Everybody likes to do a little bit of sport, and doing an internship in china is not something that will make you stop to practice some sport right?
So what do you know about sport in China? The rise of sports in China is directly correlated to the development of the Chinese economy, culture and society. Before arriving in China, I held the basic idea that China was not actively playing western sport like football. After all, China is never permitted to join the World Cup, so it’s safe to assume that the Chinese don’t play football (soccer 踢足球), right? Well, my assumption was far from correct.A variety of sports are popular in China; people play everything ranging from ping pong(乒乓球) and badminton (毛球),which are often played on the side of streets or in parks; to football (soccer), the world’s most popular sport. But the most important influence that sports haveare that they bring people of all ages, nationalities, and social classes together.
There are a few sports that specifically bring people of all ages together. The first of these sports is mahjong(麻将). You will see people playing mahjong inside of parks, stores, and sometimes on the side of the streets. And, in fact, mahjong is so popular in the city of Chengdu, that play say you can hear the clicking and clacking of the mahjong tiles when you arrive at the airport. Many people associate mahjong with the elderly people in China. However, when the World Mahjong Organization held its first tournament in 2007 in Chengdu, a student named Li Li from Tsinghua University won the tournament.
Two other sports that bring people of all ages together in China are ping pong and badminton. Ping pong is often played both inside and outside. You can often see complexes outside that hold dozens of ping pong tables. Many of these complexes are surrounded by walls that keep the ping pong balls from flying outside and hitting an innocent pedestrian in the face.Ping Pong has long been seen as the sport that the Chinese people are the best at. The Chinese have won Olympic Gold Medals in ping pong in every Olympics since 1992. Badminton is an interesting sport that is very popular in China. This is the sport that you perhaps see the most of in public. People of all ages often play badminton outside on the street. China has dominated badminton competitions recently, taking home all of the gold medals in the 2012 Olympics held in London.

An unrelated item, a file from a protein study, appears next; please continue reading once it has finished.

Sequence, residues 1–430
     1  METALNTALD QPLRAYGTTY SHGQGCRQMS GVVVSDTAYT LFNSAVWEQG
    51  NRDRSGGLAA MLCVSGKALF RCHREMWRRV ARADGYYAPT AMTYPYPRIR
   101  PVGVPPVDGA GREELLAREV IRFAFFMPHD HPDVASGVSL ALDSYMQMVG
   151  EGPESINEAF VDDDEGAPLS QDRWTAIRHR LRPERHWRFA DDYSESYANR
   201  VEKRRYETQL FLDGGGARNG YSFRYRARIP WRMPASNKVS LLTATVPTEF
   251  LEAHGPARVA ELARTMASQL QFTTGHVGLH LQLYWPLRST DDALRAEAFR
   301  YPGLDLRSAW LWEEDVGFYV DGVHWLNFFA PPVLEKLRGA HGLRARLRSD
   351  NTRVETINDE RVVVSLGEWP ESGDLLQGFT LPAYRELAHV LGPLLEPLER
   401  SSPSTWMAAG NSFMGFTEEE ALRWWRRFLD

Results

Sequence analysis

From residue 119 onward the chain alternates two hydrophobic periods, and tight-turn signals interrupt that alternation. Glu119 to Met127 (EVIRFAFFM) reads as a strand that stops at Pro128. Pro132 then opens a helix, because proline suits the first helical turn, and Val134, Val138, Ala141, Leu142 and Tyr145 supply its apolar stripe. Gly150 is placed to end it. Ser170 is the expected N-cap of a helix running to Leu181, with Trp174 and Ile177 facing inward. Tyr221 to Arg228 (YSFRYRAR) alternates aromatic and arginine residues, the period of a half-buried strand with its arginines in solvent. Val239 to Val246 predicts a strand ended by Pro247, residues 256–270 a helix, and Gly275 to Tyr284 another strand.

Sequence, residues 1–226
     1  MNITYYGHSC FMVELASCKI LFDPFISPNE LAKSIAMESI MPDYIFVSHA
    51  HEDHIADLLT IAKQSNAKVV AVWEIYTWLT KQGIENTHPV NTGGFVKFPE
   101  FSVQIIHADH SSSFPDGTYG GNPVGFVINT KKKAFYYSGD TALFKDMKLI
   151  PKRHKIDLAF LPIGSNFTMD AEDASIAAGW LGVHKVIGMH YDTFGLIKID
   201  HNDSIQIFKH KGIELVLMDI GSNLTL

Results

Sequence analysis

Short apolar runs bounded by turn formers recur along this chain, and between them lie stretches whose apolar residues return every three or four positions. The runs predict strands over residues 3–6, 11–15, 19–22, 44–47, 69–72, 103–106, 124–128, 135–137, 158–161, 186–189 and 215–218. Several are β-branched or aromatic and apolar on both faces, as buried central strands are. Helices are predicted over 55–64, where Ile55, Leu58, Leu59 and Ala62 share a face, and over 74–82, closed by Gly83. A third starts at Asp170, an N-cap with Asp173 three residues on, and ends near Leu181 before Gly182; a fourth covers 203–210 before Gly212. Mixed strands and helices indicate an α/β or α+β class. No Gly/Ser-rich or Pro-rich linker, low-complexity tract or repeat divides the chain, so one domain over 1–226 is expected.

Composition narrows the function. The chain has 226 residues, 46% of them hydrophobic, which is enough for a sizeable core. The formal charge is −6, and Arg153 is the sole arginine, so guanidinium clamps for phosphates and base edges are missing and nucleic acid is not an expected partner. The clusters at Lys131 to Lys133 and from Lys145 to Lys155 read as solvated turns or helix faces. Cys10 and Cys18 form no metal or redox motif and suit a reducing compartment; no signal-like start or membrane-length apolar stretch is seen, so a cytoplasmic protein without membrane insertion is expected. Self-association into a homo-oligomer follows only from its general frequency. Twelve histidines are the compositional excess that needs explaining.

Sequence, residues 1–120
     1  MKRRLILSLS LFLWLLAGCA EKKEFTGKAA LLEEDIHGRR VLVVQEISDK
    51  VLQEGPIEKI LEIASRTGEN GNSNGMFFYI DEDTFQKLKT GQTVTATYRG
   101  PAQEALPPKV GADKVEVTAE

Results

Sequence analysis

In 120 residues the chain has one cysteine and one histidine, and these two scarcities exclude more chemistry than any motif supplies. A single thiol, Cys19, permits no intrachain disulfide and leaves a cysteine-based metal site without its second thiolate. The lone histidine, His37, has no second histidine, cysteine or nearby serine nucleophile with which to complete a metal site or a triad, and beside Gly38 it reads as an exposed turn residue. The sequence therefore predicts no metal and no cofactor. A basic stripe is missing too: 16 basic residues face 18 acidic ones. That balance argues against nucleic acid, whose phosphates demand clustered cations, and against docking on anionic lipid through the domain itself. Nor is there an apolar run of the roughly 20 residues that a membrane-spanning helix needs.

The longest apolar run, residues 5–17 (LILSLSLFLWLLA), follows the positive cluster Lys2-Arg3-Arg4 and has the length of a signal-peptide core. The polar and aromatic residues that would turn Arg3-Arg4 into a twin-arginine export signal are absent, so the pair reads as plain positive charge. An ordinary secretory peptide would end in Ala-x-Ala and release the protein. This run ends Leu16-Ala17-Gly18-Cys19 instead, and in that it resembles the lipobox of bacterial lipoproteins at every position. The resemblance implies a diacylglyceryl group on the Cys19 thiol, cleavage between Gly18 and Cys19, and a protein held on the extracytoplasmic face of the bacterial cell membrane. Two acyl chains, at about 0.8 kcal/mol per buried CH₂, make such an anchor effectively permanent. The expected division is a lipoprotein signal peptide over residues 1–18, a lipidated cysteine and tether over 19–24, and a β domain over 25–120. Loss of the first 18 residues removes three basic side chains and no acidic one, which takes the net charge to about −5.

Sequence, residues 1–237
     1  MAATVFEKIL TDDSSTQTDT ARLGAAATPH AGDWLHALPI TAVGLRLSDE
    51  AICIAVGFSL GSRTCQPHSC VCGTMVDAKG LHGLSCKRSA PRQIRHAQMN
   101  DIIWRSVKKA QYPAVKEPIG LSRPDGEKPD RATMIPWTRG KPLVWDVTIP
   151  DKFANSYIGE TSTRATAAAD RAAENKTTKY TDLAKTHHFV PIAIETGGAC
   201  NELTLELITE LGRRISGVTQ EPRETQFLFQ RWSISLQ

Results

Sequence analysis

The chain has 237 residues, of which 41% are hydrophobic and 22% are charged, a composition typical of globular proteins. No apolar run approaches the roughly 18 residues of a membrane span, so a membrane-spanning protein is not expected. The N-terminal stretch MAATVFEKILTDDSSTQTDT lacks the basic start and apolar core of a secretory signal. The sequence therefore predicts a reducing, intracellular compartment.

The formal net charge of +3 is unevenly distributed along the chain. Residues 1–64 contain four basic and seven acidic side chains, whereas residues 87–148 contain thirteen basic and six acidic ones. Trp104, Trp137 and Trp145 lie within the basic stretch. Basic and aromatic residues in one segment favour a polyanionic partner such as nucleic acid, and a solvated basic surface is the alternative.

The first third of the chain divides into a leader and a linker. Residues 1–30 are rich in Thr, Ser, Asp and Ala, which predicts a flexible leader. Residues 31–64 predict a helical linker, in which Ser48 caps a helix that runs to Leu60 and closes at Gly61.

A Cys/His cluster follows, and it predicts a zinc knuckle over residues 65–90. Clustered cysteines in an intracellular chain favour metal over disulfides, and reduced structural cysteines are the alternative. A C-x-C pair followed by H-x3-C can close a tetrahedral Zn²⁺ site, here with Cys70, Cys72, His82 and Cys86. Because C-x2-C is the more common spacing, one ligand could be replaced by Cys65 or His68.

Football(soccer) is perhaps the fastest growing sport in China today, especially among men. It is important to note that while the Chinese Women’s World Cup team competed respectfully, the Men’s team didn’t even make it into the tournament. Think about that. The world’s largest country did not have a men’s team participate in the World Cup. Football has not only become more popular among average Chinese people, but both the government and many Chinese billionaires are investing heavily in the sport. For example, Alibaba’s Jack Ma has invested billions in the sport over the past few years. In turn, football has seen more schools, practice facilities and players emerge as a result.
Finally, I will talk about basketball (篮球), which has been the most popular sport for young people in China over the past decade. Basketball’s impact on Chinese society has been huge. It has particularly brought together people of all nationalities. For example, basketball is the most popular sport in both the Xinjiang and Tibetan regions. These areas are home to many of China’s ethnic minorities. The people in Xinjiang have such a love for basketball that their provincial team in the CBA is usually regarded as one of the best and most popular teams. There are basketball courts everywhere in China, including parks, university campuses, high school sports grounds, outside of primary schools, in neighborhoods and even in parks. This sport truly brings the youth together in China.
Sports hold a special place in Chinese society today. Part of that reason is because of the impact that sports have on people of all ages and nationalities. I hope that sports continue to influence people positively in China because there’s nothing better than seeing people get along.